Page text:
Mayo Clinic works with hundreds of insurance companies and is an in-network provider for millions of people. In most cases, Mayo Clinic doesn't require a physician referral. Some insurers require referrals, or may have additional requirements for certain medical care. All appointments are prioritized on the basis of medical need.

U.S. patients

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Mayo Clinic's campus in Phoenix/Scottsdale, Arizona

  1. 800-344-6296 (toll-free)
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Mayo Clinic's campus in Jacksonville, Florida

  1. 904-956-3309
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Mayo Clinic's campus in Rochester, Minnesota

  1. 866-227-7501 (toll-free)
  2. 507-281-9786 (TDD service for hearing impaired)
  3. 8 a.m. to 5 p.m.
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  5. Monday through Friday

Mayo Clinic's liver transplant doctors and surgeons use proven innovations to successfully treat people with liver failure and other complications of liver conditions. Their expertise with living-donor transplant, a fast-track recovery process and multiorgan transplants are part of why people turn to the Mayo Clinic Liver Transplant Program.

As part of a three-site institution, Mayo Clinic surgeons perform more than 300 liver transplants a year, including for people with very challenging health situations who need specialized solutions and surgeries. And they are leaders in living-donor liver transplants, an option that improves access to transplantation and results in better patient outcomes.

Mayo Clinic's liver transplant experts focus on your needs, bringing to your situation the strength of their:

  • Experience. As a three-site institution, Mayo Clinic has one of the largest liver transplant programs in the United States. Its liver transplant team is recognized nationally and internationally for its expertise in comprehensive specialty treatment for people with serious liver conditions.

    Mayo Clinic's extensive experience is reflected in the high quality of care and above-average survival rates for liver transplant patients. In 2014, Mayo Clinic's campus in Phoenix, Arizona, was identified as having the highest one-year patient survival rate in the United States for adult liver transplantation.

  • Teamwork. By working together, your doctors, nurses, pharmacists, social workers, dietitians and other health professionals take care of you before, during and after transplant. They provide quality care focused on the needs of you and your family.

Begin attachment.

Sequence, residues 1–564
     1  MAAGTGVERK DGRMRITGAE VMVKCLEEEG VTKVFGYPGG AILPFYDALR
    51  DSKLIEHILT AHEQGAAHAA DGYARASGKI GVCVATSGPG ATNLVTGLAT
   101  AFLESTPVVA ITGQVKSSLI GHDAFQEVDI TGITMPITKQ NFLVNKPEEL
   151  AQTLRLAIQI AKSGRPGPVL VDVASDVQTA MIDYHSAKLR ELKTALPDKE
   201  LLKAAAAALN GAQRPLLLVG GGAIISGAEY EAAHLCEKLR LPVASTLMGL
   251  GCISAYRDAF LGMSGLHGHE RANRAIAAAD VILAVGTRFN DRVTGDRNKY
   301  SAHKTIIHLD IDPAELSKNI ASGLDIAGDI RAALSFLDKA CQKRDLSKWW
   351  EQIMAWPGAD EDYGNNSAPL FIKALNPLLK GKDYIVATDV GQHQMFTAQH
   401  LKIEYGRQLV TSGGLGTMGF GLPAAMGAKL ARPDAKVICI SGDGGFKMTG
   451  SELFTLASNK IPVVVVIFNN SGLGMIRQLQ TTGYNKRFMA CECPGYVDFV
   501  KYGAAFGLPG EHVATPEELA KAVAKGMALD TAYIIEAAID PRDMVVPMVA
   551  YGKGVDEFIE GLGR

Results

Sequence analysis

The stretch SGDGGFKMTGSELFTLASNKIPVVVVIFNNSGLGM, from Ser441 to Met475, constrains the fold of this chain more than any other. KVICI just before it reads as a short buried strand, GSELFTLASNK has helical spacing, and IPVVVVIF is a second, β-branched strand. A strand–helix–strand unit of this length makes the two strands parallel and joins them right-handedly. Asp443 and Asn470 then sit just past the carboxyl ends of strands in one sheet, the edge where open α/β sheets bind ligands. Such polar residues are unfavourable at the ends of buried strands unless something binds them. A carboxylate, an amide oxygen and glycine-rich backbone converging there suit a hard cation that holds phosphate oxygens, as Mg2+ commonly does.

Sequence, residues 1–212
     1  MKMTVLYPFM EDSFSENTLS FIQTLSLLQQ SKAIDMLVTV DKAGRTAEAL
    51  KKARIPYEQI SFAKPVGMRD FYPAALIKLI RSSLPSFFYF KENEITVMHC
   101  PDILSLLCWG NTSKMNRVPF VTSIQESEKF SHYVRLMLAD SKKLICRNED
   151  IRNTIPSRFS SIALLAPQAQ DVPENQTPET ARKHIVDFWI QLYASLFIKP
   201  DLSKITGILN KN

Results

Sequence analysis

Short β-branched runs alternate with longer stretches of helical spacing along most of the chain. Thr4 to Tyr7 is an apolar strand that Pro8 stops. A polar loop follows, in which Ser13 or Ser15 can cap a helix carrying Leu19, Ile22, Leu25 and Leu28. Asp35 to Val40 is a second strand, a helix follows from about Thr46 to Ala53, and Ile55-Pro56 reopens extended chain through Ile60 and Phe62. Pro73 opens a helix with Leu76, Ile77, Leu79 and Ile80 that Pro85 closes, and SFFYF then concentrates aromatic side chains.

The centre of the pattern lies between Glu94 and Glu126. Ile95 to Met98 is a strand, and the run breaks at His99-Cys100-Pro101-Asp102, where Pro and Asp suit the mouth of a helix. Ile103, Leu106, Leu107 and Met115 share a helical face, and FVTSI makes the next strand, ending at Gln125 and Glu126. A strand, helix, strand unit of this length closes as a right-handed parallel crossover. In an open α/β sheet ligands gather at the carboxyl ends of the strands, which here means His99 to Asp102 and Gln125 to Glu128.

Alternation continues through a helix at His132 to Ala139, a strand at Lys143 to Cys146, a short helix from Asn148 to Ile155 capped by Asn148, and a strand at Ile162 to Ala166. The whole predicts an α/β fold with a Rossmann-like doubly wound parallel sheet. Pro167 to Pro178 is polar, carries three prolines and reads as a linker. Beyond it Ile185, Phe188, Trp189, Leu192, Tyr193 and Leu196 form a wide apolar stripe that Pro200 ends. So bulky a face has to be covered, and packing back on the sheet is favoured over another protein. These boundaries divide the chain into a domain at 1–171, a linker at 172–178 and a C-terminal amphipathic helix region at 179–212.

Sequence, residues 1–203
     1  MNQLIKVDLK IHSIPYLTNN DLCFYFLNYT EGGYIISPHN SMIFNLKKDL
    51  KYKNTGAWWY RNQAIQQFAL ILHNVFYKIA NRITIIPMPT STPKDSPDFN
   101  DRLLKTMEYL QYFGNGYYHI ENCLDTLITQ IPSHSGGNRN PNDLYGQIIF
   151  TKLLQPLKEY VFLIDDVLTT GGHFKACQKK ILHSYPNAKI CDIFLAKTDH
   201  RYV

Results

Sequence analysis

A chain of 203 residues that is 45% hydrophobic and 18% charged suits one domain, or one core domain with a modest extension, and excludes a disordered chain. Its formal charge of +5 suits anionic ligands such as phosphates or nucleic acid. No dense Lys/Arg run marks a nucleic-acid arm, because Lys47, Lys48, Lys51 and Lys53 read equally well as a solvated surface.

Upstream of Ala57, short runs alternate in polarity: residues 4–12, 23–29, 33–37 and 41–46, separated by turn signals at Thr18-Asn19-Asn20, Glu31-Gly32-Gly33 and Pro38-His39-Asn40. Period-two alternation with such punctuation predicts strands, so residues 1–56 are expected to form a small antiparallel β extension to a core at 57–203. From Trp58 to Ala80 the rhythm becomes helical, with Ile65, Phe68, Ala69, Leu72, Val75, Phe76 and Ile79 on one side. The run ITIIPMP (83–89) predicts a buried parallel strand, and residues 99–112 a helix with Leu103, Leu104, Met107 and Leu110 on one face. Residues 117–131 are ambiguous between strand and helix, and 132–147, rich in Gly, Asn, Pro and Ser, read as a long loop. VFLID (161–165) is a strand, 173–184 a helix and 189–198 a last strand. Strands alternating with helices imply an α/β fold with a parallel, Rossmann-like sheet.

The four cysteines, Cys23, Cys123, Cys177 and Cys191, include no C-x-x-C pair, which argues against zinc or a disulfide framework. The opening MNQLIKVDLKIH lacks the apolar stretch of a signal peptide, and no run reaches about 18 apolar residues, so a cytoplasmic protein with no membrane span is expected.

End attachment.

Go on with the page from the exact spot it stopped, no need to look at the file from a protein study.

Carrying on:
These experts collaborate with you and a multidisciplinary team of doctors in digestive diseases (gastroenterology and hepatology), radiology, pathology, infectious disease management and other specialties to provide exactly the care you need.

  • Advanced technology. The innovations and technology of Mayo Clinic's liver transplant team make transplants available to more people. Our doctors and surgeons offer specialized procedures available at only a small number of institutions. These services include heart-liver transplants, treatment for bile duct cancer and treating obese patients who need a liver transplant with weight loss surgery (sleeve gastrectomy).
  • Innovative research. Mayo Clinic researchers study how to limit immune system rejection after a liver transplant, how to use cell therapies to improve outcomes and many other aspects of transplant that affect patients' experiences.

    At Mayo Clinic, you may have access to ongoing clinical trials and new treatments.

    Every day the Transplant Research Center brings together surgeons, hepatologists, hematologists, experts in human cell therapy and scientists from many other fields and institutions to collaborate. For example, Mayo Clinic is a leader in developing a bioartificial liver and a new approach to treating obese people who need a liver transplant.

Mayo Clinic surgeons perform liver transplants at Mayo Clinic's campuses in Arizona, Florida and Minnesota. Liver transplant in children is provided at Mayo Clinic in Rochester, Minnesota. Mayo Clinic's campus in Arizona partners with Phoenix Children's Hospital to treat children who may need liver transplants.

Services

Mayo Clinic liver doctors and surgeons have expertise treating people in many areas of liver transplant, including those listed below. Not all services are available at each of Mayo Clinic's three campuses, in Arizona, Florida and Minnesota. Please confirm when you call for an appointment.